Home Price Growth Falls To Lowest Level in a Decade

Black Knight’s Mortgage Monitor Report covering February 2023 overall found that home prices have risen for the first time in seven months as interest rates dipped, but still remain 18% below pre-pandemic levels due to affordability. 

In addition, inventory levels continued to deteriorate over the month falling for the fifth month to their lowest levels reported since May 2022. 

Seasonally-adjusted home prices rose 0.16%, the strongest gain reported in a year—at the same time home price growth fell below 2% for the first time in a decade. 

Black Knight also predicts that nationally, the annual growth rate is expected to fall below zero percent by April. More noteworthy, 39 of the 50 largest U.S. markets saw home prices rise on an adjusted basis in February; that’s in sharp contrast to this past November, when prices were falling in 48 of 50 markets 

“February’s national increase in home prices – up 0.16%, adjusted for seasonality – marked the first positive monthly growth we’ve seen in 8 months,” said Black Knight VP of Enterprise Research Andy Walden explains. “Daily transaction info from Black Knight Collateral Analytics and our Optimal Blue rate lock data show that the purchase market increased when rates declined in the early part of the month and borrowers were quick to take advantage of limited inventory. In many areas of the country, that dynamic – low inventory and a modest rise in demand – led to an uptick in home prices. All in, 39 of the 50 largest U.S. markets saw prices increase in February – in sharp contrast to just three months earlier, when 48 of those 50 were experiencing price declines. While some price increases – most notably in Miami, which saw the largest of the month – can be chalked up to people moving to the area, we’re seeing stronger price gains more generally in those areas with better affordability and larger inventory deficits. Still, the backward-looking national annual home price growth rate continued its descent, falling to 1.94% – the first time we’ve seen it under 2% since 2012. While that national number is still on track to fall below 0% in April, if inventory challenges and easing interest rates persist, they may well push it back into positive territory later this year.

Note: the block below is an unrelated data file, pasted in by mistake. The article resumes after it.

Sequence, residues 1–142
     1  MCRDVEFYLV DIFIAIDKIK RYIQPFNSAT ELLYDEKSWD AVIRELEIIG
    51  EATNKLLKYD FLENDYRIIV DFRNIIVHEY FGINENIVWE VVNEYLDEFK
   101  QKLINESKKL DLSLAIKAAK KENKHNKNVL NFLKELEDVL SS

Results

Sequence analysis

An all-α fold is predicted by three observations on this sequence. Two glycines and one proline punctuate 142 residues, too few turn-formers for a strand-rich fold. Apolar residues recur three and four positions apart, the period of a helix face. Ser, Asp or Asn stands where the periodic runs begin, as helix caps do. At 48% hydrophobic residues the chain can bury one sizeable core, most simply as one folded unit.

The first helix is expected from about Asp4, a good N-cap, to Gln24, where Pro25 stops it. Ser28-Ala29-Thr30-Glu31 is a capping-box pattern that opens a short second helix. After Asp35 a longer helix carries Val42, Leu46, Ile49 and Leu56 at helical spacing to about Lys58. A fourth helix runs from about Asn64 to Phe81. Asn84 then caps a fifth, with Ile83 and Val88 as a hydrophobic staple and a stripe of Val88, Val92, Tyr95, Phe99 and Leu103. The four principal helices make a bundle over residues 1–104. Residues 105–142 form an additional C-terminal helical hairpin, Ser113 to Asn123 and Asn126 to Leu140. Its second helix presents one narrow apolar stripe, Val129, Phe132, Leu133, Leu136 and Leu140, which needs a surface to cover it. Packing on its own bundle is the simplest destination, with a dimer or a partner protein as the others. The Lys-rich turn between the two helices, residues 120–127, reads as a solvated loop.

“The unfortunate reality is that the scarce supply of inventory that’s the source of so much market gridlock isn’t getting any better. In fact, seasonally adjusted inventory levels continued to deteriorate in February, marking not only the fifth straight month of such declines, but also the largest inventory deficit we’ve seen since May of last year, with more than 90% of markets seeing such deficits grow in February. New listings – already trending well below pre-pandemic levels for months – ran 27% below those levels in February as potential home sellers continued to shy away from the market. All in, total active for-sale inventory is back to 47% below pre-pandemic levels after having recovered to within 38% of normal levels late last year. Without a significant shift in interest rates, home prices or household income, this is a self-fulfilling dynamic that is quite likely to continue for some time.” 

This month’s report also surveys the equity landscape to find that February’s price gains have also helped to shore up what had been falling homeowner equity levels. At $14.6T, overall total equity for mortgage holders is now down $2.0T (-12%) from its 2022 peak. 

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